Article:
Polyglutamine Toxicity Is Controlled by Prion Composition and Gene Dosage in Yeast

School of Biology, Georgia Institute of Technology, Atlanta, Georgia, United States of America.
PLoS Genetics (Impact Factor: 7.53). 04/2012; 8(4):e1002634. DOI: 10.1371/journal.pgen.1002634
Source: PubMed


Polyglutamine expansion causes diseases in humans and other mammals. One example is Huntington's disease. Fragments of human huntingtin protein having an expanded polyglutamine stretch form aggregates and cause cytotoxicity in yeast cells bearing endogenous QN-rich proteins in the aggregated (prion) form. Attachment of the proline(P)-rich region targets polyglutamines to the large perinuclear deposit (aggresome). Aggresome formation ameliorates polyglutamine cytotoxicity in cells containing only the prion form of Rnq1 protein. Here we show that expanded polyglutamines both with (poly-QP) or without (poly-Q) a P-rich stretch remain toxic in the presence of the prion form of translation termination (release) factor Sup35 (eRF3). A Sup35 derivative that lacks the QN-rich domain and is unable to be incorporated into aggregates counteracts cytotoxicity, suggesting that toxicity is due to Sup35 sequestration. Increase in the levels of another release factor, Sup45 (eRF1), due to either disomy by chromosome II containing the SUP45 gene or to introduction of the SUP45-bearing plasmid counteracts poly-Q or poly-QP toxicity in the presence of the Sup35 prion. Protein analysis confirms that polyglutamines alter aggregation patterns of Sup35 and promote aggregation of Sup45, while excess Sup45 counteracts these effects. Our data show that one and the same mode of polyglutamine aggregation could be cytoprotective or cytotoxic, depending on the composition of other aggregates in a eukaryotic cell, and demonstrate that other aggregates expand the range of proteins that are susceptible to sequestration by polyglutamines.

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    • "Prion variants that do not cause toxicity on their own may become toxic in combination with other factors. For example, endogenous prions, such as [PIN + ] and/or [PSI + ] (Gokhale et al., 2005; Gong et al., 2012; Kochneva-Pervukhova et al., 2012; Zhao et al., 2012), promote aggregation and toxicity of expanded polyQ constructs in the yeast huntingtin model. Overproduction of Sup35 (Chernoff et al., 1992; Derkatch et al., 1997; Vishveshwara et al., 2009) or Rnq1 (Douglas et al., 2008; Stein & True, 2011; Treusch & Lindquist, 2012) is toxic to prion-containing cells. "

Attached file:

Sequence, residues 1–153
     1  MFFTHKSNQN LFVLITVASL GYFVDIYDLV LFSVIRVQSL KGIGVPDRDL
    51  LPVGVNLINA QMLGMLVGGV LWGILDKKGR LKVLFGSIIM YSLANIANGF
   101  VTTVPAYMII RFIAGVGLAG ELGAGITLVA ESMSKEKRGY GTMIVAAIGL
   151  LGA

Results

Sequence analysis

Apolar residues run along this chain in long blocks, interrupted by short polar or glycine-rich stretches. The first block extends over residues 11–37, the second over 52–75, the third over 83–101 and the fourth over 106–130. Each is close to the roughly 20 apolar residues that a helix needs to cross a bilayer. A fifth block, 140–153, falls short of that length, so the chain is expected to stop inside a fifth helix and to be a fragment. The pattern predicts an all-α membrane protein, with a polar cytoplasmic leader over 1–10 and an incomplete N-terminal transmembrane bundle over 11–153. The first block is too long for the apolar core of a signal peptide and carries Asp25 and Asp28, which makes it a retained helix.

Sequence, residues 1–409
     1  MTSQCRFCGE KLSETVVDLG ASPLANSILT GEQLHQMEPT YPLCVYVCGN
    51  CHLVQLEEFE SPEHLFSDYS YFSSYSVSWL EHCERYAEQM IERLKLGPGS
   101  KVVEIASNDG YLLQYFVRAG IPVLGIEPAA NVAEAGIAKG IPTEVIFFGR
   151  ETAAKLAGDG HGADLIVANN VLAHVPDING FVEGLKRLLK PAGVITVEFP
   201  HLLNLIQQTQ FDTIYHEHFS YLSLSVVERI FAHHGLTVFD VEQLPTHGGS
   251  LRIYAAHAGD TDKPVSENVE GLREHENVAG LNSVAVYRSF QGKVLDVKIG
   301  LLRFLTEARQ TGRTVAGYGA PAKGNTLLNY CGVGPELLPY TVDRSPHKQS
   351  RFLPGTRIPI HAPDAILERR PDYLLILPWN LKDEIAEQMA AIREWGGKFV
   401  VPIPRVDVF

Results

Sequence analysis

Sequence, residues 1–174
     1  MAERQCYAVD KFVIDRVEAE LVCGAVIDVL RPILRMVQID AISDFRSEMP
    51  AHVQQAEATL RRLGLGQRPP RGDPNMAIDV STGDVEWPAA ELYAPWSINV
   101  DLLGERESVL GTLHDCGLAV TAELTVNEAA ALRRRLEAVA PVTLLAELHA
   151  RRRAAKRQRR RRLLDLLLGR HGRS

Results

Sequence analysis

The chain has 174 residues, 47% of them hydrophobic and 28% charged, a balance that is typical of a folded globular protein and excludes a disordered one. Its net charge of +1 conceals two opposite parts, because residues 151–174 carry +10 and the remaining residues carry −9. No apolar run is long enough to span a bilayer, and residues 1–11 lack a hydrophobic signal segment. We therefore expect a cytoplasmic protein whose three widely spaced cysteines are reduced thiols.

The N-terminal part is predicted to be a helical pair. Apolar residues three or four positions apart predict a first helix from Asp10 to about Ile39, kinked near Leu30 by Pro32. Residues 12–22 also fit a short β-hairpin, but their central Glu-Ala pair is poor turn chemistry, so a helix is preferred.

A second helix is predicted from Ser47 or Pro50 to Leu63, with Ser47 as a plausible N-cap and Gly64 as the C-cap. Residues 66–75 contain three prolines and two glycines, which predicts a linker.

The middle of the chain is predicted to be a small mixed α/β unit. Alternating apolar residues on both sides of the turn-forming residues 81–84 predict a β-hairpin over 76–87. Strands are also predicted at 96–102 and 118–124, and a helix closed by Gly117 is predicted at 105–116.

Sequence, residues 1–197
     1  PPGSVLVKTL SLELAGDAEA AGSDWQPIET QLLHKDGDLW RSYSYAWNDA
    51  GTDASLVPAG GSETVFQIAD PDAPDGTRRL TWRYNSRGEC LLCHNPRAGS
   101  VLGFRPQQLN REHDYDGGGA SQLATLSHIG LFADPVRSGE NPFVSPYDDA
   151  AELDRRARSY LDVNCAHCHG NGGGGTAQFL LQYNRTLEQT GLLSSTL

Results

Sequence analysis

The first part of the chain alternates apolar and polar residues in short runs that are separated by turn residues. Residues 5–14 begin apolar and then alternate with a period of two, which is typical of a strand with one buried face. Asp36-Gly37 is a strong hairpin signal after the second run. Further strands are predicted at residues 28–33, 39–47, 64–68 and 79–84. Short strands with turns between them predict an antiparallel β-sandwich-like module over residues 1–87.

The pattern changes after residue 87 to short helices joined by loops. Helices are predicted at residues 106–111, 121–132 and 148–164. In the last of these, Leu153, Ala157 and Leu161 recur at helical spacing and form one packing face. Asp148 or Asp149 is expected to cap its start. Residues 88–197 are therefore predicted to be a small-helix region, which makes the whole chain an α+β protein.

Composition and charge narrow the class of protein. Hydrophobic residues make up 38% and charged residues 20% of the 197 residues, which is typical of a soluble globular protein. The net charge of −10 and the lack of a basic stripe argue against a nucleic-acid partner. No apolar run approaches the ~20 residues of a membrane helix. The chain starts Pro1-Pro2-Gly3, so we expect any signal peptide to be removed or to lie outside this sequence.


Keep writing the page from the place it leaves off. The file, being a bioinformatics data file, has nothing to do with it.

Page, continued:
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    • "Although the Q25 htt variant (corresponding to a normal polyQ length) did not aggregate, insoluble inclusion formation increased with an increase in the polyQ length (Krobitsch and Lindquist 2000), recapitulating results obtained in cultured mammalian cells and animal models (Apostol et al. 2003, 2006; Woodman et al. 2007). The correlation between aggregation and toxicity of htt fragments in yeast was found to be dependent on the sequences flanking the polyglutamine stretches as well as on the existence of specific interacting proteins of the yeast strain expressing it, in particular the prion composition of the cell (Meriin et al. 2002; Duennwald et al. 2006a, b; Gong et al. 2012). Specifically, the htt exon 1 with expanded polyQ tracts was shown to impair protein homeostasis of the ER (Duennwald and Lindquist 2008) and endocytosis (Meriin et al. 2003, 2007), cause transcriptional deregulation (Hughes et al. 2001), increase ROS production by affecting mitochondrial function and morphology (Giorgini et al. 2005; Sokolov et al. 2006; Solans et al. 2006), induce activation of apoptotic pathways (Sokolov et al. 2006), and cause cell cycle dysfunction (Sokolov et al. 2006; Bocharova et al. 2008). "
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    • "Perhaps, there is a certain threshold concentration for a misfolded protein where it can no longer be efficiently recruited to a single site and neutralized; proteins with efficient targeting would only cause cytotoxic effects upon accumulation above this threshold. Alternatively, 'aggresome' targeting does not ameliorate cytotoxicity in yeast in the presence of specific prions (Gong et al., 2012). Cellular proteins involved in managing misfolded protein species can be anticipated to mitigate cytotoxicity. "
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